That’s the basic feeds and speeds of these machines. That leaves the last, and perhaps most important factor in the long run, and that is pricing. The way IBM’s pricing works, there is a price for the base system, and then the processor feature cards. In the past, the processor feature card and memory capacity on it had two distinct prices, and then you had to activate cores and 1 GB memory chunks separately for an additional fee. With the Power9 machines, you buy the processor card and the memory and it is activated entirely. As for memory pricing, IBM is charging $619 for the 16 GB sticks; $1,179 for the 32 GB sticks; $2,699 for the 64 GB sticks; and $9,880 for the 128 GB sticks.
In the table below, the base chassis price is shown, and next to it is shown the cost of each processor card. The system configuration pricing shows the cost of adding 32 GB per core to the system plus four 600 GB SAS disk drives. A number of needed features, such as cables and backplane options, are not included in this basic system configuration price; we are trying to give a sense of what the core compute, memory, and storage costs for these machines. Operating systems are not included.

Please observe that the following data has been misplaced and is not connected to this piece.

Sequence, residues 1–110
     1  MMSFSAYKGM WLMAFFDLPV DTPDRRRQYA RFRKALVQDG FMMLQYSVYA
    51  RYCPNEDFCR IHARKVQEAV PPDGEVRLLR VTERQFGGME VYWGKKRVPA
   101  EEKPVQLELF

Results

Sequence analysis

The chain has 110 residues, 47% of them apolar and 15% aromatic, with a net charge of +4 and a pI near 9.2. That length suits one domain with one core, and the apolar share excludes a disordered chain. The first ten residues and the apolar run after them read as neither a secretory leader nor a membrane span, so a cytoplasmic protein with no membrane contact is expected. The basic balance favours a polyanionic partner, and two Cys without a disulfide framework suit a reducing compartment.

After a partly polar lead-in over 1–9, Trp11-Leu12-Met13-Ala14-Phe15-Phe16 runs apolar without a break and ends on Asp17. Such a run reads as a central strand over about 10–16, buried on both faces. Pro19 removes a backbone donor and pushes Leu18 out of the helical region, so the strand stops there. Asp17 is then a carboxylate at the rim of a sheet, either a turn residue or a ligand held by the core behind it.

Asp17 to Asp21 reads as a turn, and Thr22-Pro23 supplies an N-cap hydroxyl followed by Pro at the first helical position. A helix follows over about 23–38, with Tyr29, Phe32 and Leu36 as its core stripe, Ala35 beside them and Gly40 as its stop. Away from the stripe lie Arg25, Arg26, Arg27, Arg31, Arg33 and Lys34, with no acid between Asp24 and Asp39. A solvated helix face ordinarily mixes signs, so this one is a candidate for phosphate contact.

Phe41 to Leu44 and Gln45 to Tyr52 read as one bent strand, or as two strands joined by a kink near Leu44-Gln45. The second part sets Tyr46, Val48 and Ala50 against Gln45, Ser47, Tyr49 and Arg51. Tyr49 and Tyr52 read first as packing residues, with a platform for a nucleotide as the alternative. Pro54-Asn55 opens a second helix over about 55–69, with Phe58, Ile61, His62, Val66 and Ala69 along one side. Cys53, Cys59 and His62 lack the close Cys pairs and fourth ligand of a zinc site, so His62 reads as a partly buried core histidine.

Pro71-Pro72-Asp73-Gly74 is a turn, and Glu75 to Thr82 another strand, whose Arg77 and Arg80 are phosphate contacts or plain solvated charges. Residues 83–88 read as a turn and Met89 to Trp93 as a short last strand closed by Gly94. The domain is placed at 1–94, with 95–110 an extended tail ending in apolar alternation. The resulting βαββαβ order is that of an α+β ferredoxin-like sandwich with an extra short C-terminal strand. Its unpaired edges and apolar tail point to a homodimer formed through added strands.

Coming up next, we will do our best to make comparisons to the Xeon and Epyc server lines to see how these Power9 machines stack up, and ponder what the future “Boston” two-socket and “Zeppelin” four-socket Power9 machines might hold in terms of competition.